The place was so deep in the woods, you might live your whole life in that town and never know it was there. And it was beautiful…as are so many such sites, I’ve read. The guide said that, with the help of the Ukrainian police, the Nazis led the Jews up to the ledge some forty feet above us and shot them into this pit, some 1000 in all.
|Field at top of ravine||Looking up to the top of the ravine|
I looked up to the top of the ravine and said, “This is where my grandfather would have died.”
So this was how it was done, I thought: not in front of everyone, when someone might interfere. You led people into the woods…for resettlement or a work detail; who knows what they told them. But you’d have been able to hear the shots from the town. But then, shots must have been a terrifyingly common sound in 1941 Ukraine. We said kaddish there and left a stone on the monument. They called this place the Tarashcha Babi Yar.
That night, I had a dream that summed the day up as only dreams can do. It was about muppets, being violent in their funny, unthreatening way. There was one muppet character that all the others wanted to kill. Each muppet character took a turn trying to kill this one character…but the character just wouldn’t die. We Jews are that muppet that just won’t die. The experience of the Jews in the Pale of Settlements is one in which regime after regime has had their turn trying to kill us…and they just can’t do it.
We also visited Babi Yar, the great killing ravine in Kiev. But we were surrounded by traffic and its pollution and noise. There are numerous memorials there, the largest being the one put up by the Soviets in 1976. It shows a strong Soviet civilian protecting cowering figures behind it. Sadly, many people we saw were using the place as a park, some drinking.
|Soviet Babi Yar Memorial||Jewish Babi Yar Memorial|
“Your brother’s blood cries out from the ground” Babi Yar
It is clear that independence has wrought great changes in the Ukraine. People pointedly speak Ukrainian, not Russian. The statue celebrating Ukrainian independence is a marked counterpoint to the Soviet-era statue of the Ukraine with her sword. And the Ukraine has imported so much of American culture: McDonalds, Coca Cola, Reebok…and cars. But it seems that they don’t make the connection between abandoning mass transit in favor of cars and the noise, pollution and inconvenience of snarled traffic.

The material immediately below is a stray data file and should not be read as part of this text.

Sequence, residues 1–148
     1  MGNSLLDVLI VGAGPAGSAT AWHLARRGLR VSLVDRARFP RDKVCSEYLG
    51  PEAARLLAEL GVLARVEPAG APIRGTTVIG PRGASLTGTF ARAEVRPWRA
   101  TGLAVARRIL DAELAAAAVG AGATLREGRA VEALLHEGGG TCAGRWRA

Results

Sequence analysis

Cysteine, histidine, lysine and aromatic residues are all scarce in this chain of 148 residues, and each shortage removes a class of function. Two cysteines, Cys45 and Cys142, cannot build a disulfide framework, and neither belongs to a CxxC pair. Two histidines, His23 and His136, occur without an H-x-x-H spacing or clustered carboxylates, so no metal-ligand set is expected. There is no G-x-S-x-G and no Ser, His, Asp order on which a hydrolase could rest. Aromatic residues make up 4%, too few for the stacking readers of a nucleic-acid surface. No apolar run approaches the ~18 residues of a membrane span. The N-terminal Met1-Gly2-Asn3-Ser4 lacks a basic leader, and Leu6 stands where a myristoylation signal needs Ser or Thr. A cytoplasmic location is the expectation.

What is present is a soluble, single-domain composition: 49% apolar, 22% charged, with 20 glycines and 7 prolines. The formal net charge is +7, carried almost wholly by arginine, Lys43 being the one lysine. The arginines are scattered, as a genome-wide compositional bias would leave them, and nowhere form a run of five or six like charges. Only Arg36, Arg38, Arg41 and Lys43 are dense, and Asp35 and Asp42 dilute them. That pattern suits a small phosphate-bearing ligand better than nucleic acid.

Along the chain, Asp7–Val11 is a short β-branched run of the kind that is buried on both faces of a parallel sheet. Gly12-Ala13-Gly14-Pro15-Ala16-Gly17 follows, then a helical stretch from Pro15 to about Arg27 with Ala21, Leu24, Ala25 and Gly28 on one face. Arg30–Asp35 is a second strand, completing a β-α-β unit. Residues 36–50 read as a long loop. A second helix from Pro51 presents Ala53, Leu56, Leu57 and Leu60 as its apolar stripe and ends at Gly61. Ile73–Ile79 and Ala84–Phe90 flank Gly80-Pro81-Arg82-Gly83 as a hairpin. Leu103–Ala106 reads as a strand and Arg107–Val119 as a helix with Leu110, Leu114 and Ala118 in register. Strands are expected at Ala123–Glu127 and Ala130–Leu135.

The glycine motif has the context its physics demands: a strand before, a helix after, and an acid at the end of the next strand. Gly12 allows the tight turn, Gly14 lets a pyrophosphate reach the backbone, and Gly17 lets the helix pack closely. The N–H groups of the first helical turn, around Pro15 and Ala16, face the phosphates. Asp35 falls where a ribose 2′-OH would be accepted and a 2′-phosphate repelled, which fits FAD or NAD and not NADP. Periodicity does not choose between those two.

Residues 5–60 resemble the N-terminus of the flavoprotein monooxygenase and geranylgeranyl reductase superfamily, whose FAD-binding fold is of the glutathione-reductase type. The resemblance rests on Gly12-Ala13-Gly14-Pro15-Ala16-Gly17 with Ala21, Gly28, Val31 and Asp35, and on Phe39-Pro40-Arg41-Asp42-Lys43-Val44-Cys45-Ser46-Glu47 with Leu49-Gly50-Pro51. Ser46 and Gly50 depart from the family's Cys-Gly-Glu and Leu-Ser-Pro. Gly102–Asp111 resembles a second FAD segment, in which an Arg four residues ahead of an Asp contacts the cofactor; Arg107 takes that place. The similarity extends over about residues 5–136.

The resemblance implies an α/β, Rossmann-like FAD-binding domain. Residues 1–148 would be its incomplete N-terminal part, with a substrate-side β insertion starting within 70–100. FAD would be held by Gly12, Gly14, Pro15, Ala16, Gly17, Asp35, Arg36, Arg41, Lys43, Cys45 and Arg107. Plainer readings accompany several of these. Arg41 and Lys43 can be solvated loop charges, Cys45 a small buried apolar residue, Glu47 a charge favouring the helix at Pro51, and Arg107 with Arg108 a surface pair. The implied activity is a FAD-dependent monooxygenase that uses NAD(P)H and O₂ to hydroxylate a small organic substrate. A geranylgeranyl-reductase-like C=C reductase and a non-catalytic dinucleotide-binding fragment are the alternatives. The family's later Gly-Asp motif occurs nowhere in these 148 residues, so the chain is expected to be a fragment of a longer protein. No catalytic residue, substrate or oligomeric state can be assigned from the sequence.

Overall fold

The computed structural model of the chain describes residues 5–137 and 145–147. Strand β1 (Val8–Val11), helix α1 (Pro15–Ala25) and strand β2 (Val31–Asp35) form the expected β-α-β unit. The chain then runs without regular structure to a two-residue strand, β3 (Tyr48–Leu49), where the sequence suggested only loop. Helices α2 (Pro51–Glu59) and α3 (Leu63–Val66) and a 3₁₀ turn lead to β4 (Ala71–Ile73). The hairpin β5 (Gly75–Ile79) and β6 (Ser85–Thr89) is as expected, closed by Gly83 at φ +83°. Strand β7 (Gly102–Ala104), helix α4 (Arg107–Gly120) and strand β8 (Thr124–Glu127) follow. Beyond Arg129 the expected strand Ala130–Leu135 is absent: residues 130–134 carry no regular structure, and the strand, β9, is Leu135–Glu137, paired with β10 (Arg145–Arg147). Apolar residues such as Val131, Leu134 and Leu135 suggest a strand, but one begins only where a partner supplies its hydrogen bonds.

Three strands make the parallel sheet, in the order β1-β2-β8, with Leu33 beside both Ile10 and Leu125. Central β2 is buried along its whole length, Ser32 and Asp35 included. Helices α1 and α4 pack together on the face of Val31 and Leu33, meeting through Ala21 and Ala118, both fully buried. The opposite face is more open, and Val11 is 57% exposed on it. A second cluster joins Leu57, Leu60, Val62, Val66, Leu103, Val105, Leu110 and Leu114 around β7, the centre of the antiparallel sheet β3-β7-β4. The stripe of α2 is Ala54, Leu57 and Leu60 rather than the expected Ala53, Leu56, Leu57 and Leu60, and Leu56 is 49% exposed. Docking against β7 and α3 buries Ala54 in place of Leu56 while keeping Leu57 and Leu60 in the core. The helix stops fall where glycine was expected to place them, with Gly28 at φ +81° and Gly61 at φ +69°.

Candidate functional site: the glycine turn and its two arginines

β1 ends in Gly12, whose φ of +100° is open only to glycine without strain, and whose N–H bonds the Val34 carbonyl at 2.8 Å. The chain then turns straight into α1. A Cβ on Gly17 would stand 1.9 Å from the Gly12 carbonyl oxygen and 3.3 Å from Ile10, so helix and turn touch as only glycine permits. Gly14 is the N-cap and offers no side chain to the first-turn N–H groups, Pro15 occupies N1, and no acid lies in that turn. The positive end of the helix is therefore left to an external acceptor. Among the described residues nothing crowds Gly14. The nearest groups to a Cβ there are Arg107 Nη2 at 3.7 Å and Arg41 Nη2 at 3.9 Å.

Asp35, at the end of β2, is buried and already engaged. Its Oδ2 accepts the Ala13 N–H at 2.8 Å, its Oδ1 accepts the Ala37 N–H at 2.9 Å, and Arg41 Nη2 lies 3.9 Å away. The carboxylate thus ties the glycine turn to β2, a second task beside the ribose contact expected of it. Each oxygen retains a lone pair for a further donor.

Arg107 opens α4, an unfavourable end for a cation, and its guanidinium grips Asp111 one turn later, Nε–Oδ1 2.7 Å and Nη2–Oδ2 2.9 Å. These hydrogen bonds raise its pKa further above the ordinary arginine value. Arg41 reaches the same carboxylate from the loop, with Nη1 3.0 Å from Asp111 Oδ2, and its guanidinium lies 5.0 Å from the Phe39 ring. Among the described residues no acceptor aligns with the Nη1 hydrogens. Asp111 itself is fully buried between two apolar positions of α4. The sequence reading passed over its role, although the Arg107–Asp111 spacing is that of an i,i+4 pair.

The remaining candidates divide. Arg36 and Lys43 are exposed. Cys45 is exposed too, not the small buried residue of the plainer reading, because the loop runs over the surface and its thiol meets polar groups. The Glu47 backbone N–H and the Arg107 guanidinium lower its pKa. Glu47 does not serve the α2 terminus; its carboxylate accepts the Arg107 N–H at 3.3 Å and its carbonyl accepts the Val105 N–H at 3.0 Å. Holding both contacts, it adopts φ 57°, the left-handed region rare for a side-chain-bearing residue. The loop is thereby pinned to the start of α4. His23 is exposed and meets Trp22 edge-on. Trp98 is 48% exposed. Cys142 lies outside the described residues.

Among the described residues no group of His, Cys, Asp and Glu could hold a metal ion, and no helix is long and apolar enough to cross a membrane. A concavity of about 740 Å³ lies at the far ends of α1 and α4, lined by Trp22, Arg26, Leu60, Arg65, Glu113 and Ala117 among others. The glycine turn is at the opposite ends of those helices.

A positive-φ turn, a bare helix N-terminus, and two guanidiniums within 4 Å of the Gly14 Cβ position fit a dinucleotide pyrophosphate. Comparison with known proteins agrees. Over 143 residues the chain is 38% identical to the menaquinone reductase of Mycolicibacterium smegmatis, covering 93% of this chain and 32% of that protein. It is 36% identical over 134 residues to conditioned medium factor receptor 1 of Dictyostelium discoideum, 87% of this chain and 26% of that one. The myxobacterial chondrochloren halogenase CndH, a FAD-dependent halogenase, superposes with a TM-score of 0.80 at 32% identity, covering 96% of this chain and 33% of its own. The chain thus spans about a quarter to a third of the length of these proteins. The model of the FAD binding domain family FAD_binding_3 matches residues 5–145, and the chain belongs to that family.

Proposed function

|Coca-Cola bus station. (It says, “Brrr” on top.)|
One thing struck me quite forcibly: I could pass for a Ukrainian. Just about everyone, it seemed, had green eyes and light brown hair. My daughter, on the other hand, has dark hair and deep brown eyes. It made me realize that it would be easy to pick someone like her out of a lineup as Jewish while I might be able to slip through the net.
On Sunday, I taught a Talmud study session arranged through Project Gesher, an outreach organization to women in the former Soviet Union in a liberal synagogue in Kiev. Rabbi Alexander Dukhovni gave us a warm welcome. We had about 15 participants in the session, learning Mishnah about the 17th of Tammuz and the upcoming 9th of Av. My first shock, and disappointment, was the news that Rabbi Steinsaltz has stopped producing his translation of the Talmud into Russian after just a few volumes of Baba Metsia. At least a translation of Mishnah into Russian must be undertaken if Jews are to be able to unlock the treasures of rabbinic literature. The participants were exceptionally thirsty for knowledge and kept me on my toes. I will treasure the apron and cookbook from Project Gesher which they gave me.
On Sunday we also toured the street with all the tourist stalls. It was quite a shock to see pictures of Jews that seemed to reflect supposedly-gone stereotypes. Even more shocking was seeing the Nazi eagle and swastika…but then we realized these were old pamphlets and notices from 1941 when the Nazis first came through. God knows how or why they were preserved.
|Pictures of Jews for sale||Nazi pamphlets for sale|